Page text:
A growing collaboration between Notre Dame’s Department of Psychology and Department of Computer Science and Engineering has given rise to a number of research projects that explore the interaction of humans with technology. These interdisciplinary efforts “have been expanding at an impressive rate over the past few years,” says Professor Dan Lapsley, chair of the Department of Psychology. Read More >

Political Scientist Debra Javeline Researches Responses to “Russia’s 9/11”

Debra Javeline

On the morning of September 1, 2004, University of Notre Dame political scientist Debra Javeline found herself, like many people around the world, glued to the television, watching in horror as the Beslan school hostage crisis—widely known as “Russia’s 9/11”—unfolded. Javeline, an expert in mass political behavior, followed the tragedy’s aftermath with deep concern and a social scientist’s eye. What would happen next? Read More >

Psychologist Nicole McNeil Developing New Math Learning Strategies

Nicole McNeil

What do children know about mathematics before they start learning it in school? How do external factors like language, education, and culture affect children’s understanding? What is the best way to structure an environment so they have the building blocks needed for success in math? These are just some of the questions Notre Dame psychologist Nicole McNeil seeks to answer in her research. Read More >

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Bernoulli Winners Employ Skills Beyond Graduation

Libby Koerbel

Economics majors in the University of Notre Dame’s College of Arts and Letters develop the analytical skills and social perspective needed to better understand complex economic forces at work in the world. They also hone the ability to express their ideas and insights both clearly and concisely. That’s exactly what Class of 2011 students Elizabeth Koerbel and Matthew Conti demonstrated in their senior theses, which won first and second place, respectively, in the University’s annual Bernoulli competition. Read More >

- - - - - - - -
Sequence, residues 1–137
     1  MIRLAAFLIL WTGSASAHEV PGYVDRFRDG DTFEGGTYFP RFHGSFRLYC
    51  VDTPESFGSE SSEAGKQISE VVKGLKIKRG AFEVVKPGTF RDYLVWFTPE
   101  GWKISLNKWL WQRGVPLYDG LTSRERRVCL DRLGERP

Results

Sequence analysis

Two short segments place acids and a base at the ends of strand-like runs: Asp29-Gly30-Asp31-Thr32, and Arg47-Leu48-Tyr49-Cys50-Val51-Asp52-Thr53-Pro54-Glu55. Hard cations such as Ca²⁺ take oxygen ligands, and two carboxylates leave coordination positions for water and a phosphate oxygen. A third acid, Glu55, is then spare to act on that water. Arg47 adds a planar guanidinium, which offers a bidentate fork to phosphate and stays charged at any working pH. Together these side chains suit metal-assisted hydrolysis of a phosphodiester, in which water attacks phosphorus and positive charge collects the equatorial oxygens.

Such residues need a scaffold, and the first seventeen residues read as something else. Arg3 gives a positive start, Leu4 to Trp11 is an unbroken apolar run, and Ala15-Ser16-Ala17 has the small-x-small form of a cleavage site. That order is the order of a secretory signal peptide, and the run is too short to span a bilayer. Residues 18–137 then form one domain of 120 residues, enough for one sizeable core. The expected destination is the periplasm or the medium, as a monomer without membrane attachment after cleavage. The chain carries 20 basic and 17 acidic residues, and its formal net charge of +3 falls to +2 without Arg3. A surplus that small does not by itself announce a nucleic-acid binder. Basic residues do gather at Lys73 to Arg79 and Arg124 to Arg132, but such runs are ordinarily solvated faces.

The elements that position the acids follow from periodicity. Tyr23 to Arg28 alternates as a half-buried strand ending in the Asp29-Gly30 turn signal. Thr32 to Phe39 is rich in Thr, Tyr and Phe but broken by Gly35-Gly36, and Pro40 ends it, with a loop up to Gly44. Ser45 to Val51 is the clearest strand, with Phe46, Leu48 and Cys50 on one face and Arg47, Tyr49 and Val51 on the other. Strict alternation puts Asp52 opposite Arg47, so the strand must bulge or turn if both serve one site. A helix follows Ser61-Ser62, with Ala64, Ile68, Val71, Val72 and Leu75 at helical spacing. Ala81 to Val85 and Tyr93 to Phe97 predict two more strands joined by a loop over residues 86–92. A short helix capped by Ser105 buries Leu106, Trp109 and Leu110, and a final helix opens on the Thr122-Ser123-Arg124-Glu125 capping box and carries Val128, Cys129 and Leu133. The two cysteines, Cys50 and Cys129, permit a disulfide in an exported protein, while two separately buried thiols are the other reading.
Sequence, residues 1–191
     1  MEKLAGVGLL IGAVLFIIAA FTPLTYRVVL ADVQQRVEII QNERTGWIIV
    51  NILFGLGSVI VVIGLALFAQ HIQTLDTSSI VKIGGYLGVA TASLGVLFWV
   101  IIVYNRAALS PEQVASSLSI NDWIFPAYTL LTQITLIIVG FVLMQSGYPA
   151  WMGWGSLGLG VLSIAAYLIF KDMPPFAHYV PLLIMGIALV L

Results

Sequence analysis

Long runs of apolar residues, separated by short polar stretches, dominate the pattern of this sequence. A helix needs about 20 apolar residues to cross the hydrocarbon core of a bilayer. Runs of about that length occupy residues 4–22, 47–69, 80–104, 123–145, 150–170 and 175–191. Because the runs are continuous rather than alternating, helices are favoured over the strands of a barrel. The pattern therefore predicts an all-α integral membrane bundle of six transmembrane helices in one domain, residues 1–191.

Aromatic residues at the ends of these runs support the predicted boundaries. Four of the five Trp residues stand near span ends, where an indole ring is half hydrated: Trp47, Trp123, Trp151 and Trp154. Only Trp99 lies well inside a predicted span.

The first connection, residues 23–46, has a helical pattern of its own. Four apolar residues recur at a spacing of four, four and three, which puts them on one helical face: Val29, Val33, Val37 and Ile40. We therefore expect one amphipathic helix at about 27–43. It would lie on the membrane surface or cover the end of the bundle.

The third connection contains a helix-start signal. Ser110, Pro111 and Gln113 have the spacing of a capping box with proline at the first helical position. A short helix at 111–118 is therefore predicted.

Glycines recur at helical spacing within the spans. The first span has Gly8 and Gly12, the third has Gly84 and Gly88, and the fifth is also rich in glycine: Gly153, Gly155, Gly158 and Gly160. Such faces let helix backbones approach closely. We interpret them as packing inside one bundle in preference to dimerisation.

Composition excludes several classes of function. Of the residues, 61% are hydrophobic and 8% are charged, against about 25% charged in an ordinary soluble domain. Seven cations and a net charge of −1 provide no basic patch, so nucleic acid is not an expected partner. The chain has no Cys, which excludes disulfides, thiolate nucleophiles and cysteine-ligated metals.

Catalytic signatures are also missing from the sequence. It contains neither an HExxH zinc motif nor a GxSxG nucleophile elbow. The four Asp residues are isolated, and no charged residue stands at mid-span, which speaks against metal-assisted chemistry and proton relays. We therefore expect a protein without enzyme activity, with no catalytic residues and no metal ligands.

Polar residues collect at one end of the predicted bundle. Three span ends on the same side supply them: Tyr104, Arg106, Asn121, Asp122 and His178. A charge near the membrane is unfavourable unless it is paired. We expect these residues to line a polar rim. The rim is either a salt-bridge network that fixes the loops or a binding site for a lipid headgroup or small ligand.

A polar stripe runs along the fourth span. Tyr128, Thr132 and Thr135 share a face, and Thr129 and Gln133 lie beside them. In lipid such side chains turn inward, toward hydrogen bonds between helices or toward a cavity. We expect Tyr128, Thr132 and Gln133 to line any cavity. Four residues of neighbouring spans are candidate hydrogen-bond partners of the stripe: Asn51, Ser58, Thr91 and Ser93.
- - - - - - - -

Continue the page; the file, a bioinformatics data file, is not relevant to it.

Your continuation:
Political Science Majors Discover the World at Work

David Baron

Understanding the way the world works is important. But understanding the way you work is just as important, says Joshua Kaplan, director of undergraduate studies in Notre Dame’s Department of Political Science. And by majoring in political science, students come to know both. “Our students learn something about the world and something about themselves,” Kaplan says. Read More >

Alumna Reports From the Heart of the Vatican

Elizabeth Simari

Elizabeth Simari, a College of Arts and Letters alumna from 2008, crosses Saint Peter’s Square on the way to and from work, shops at the Vatican’s grocery store, and has even had the Pope drop by her office. “It’s an amazing experience,” says Simari, who works for the weekly English edition of the Vatican newspaper, L’Osservatore Romano. “I feel blessed to have these once-in-a-lifetime opportunities.” Read More >

Political Science Ph.D. Candidate Studies Colonialism and Slavery

innovation through technology

Political science graduate student and former Kellogg Dissertation Year Fellow Olukunle Owolabi has a unique personal connection with the subject of his research—the differences in development and governance between countries with a history of plantation slavery and those with a history of colonial occupation. Read More >